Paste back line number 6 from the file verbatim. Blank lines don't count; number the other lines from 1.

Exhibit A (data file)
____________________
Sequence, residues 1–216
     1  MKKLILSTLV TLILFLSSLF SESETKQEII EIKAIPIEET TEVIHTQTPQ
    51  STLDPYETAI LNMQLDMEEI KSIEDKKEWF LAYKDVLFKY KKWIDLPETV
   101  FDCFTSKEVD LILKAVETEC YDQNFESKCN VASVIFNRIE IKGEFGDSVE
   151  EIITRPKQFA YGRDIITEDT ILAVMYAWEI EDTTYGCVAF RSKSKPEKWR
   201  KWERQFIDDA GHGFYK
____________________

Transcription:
   201  KWERQFIDDA GHGFYK